There was pride in Casey's bearing and a smile lit Casey's face.
And when, responding to the cheers, he lightly doffed his hat,
No stranger in the crowd could doubt 'twas Casey at the bat.

Ten thousand eyes were on him as he rubbed his hands with dirt;
Five thousand tongues applauded when he wiped them on his shirt;
Then while the writhing pitcher ground the ball into his hip,
Defiance flashed in Casey's eye, a sneer curled Casey's lip.

And now the leather-covered sphere came hurtling through the air,
And Casey stood a-watching it in haughty grandeur there.
Close by the sturdy batsman the ball unheeded sped--
"That ain't my style," said Casey. "Strike one!" the umpire said.

From the benches, black with people, there went up a muffled roar,
Like the beating of the storm-waves on a stern and distant shore;
"Kill him! Kill the umpire!" shouted some one on the stand;
And it's likely they'd have killed him had not Casey raised his hand.

With a smile of Christian charity great Casey's visage shone;
He stilled the rising tumult; he bade the game go on;
He signaled to the pitcher, and once more the dun sphere flew;
But Casey still ignored it, and the umpire said, "Strike two!"

"Fraud!" cried the maddened thousands, and echo answered "Fraud!"
But one scornful look from Casey and the audience was awed.
They saw his face grow stern and cold, they saw his muscles strain,
And they knew that Casey wouldn't let that ball go by again.

The sneer has fled from Casey's lip, his teeth are clenched in hate;
He pounds with cruel violence his bat upon the plate.
And now the pitcher holds the ball, and now he lets it go.
And now the air is shattered by the force of Casey's blow.

Oh, somewhere in this favored land the sun is shining bright;
The band is playing somewhere, and somewhere hearts are light,
And somewhere men are laughing, and little children shout;
But there is no joy in Mudville--great Casey has struck out.
11. If the speaker of the poem had been Casey, how would the poem have changed? Please choose the best answer.
12. Which line from the poem best demonstrates the theme you chose in Question 2?
13. What does the idiom in the title of the poem mean?

6th Grade

14. The entrance to the local shopping mall is located on the grid at (3, -2). If the hair salon in the shopping mall is located 5 units west and 8 units north of this entrance, what are the coordinates on the grid?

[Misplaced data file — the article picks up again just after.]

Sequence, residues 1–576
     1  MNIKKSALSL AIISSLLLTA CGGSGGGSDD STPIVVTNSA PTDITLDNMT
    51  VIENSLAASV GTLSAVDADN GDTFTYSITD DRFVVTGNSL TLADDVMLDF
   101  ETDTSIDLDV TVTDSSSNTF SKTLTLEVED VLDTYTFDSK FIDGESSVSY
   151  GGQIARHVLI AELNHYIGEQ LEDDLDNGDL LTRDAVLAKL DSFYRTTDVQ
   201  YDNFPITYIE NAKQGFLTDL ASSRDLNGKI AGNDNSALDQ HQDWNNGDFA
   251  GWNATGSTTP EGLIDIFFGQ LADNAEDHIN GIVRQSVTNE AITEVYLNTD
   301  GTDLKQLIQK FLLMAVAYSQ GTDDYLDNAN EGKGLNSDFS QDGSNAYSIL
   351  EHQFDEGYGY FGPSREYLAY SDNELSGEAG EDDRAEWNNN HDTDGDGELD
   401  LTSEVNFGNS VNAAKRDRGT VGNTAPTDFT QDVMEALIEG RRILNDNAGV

15. Hailey went hiking. She started the hike at an elevation of 243 feet. She then climbed down 782 feet. When she was ready to leave she climbed back up 118 feet. What was Hailey's elevation at the end of the hiking trip?

7th Grade

16. There are 8 apples in the bag. 2 of the apples in the bag are green and the rest are red. Which of the following represents the fraction of red apples in the bag?
17. The temperature increased from -3^o C in the morning to 5^o C in the afternoon. How many degrees did the temperature change?

8th Grade

18. 1/2 of all the apples in the bag are green; 1/3 are red and 3 are yellow. What is the total number of apples in the bag?
Read “Stopping by Woods on a Snowy Evening” and “Ah Sunflower” and answer the questions that follow.

 

Stopping by Woods on a Snowy Evening

By:  Robert Frost

Whose woods these are I think I know.
His house is in the village, though;
He will not see me stopping here
To watch his woods fill up with snow.

My little horse must think it queer
To stop without a farmhouse near
Between the woods and frozen lake
The darkest evening of the year.

He gives his harness bells a shake
To ask if there is some mistake.
The only other sound's the sweep
Of easy wind and downy flake.

The woods are lovely, dark, and deep,
But I have promises to keep,
And miles to go before I sleep,
And miles to go before I sleep. 
 

Ah Sunflower

By:  William Blake

Ah Sunflower, weary of time,
Who countest the steps of the sun;
Seeking after that sweet golden clime
Where the traveller's journey is done;

Where the Youth pined away with desire,
And the pale virgin shrouded in snow,
Arise from their graves, and aspire
Where my Sunflower wishes to go! 










 
 
 
19. Which poem accurately reflects these poems' point of views?
20. Read the following line from "Ah Sunflower".
....Where the Youth pined away with desire...
What does the underlined word MOST LIKELY mean?

Common Core Standards Practice Test

Michigan Educational Assessment MEAP Testing